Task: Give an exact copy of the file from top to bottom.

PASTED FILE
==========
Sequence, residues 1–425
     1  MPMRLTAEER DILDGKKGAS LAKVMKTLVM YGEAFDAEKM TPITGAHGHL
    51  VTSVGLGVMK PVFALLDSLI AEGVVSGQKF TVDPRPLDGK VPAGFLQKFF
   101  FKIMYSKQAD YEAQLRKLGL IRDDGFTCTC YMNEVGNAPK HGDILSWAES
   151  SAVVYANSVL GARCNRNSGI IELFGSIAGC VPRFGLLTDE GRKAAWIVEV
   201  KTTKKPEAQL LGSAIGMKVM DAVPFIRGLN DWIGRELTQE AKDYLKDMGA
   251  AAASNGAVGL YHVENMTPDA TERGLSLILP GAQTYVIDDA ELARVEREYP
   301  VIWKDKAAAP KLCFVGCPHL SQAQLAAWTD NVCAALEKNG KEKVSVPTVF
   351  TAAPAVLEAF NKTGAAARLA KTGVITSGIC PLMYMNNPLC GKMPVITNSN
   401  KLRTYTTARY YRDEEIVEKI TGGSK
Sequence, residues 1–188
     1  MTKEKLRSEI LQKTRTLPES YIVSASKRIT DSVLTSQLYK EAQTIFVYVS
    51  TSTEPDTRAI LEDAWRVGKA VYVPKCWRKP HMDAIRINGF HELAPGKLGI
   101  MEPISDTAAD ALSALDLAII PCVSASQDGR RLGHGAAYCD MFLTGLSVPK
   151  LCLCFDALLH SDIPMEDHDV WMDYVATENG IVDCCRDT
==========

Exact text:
Sequence, residues 1–425
     1  MPMRLTAEER DILDGKKGAS LAKVMKTLVM YGEAFDAEKM TPITGAHGHL
    51  VTSVGLGVMK PVFALLDSLI AEGVVSGQKF TVDPRPLDGK VPAGFLQKFF
   101  FKIMYSKQAD YEAQLRKLGL IRDDGFTCTC YMNEVGNAPK HGDILSWAES
   151  SAVVYANSVL GARCNRNSGI IELFGSIAGC VPRFGLLTDE GRKAAWIVEV
   201  KTTKKPEAQL LGSAIGMKVM DAVPFIRGLN DWIGRELTQE AKDYLKDMGA
   251  AAASNGAVGL YHVENMTPDA TERGLSLILP GAQTYVIDDA ELARVEREYP
   301  VIWKDKAAAP KLCFVGCPHL SQAQLAAWTD NVCAALEKNG KEKVSVPTVF
   351  TAAPAVLEAF NKTGAAARLA KTGVITSGIC PLMYMNNPLC GKMPVITNSN
   401  KLRTYTTARY YRDEEIVEKI TGGSK
Sequence, residues 1–188
     1  MTKEKLRSEI LQKTRTLPES YIVSASKRIT DSVLTSQLYK EAQTIFVYVS
    51  TSTEPDTRAI LEDAWRVGKA VYVPKCWRKP HMDAIRINGF HELAPGKLGI
   101  MEPISDTAAD ALSALDLAII PCVSASQDGR RLGHGAAYCD MFLTGLSVPK
   151  LCLCFDALLH SDIPMEDHDV WMDYVATENG IVDCCRDT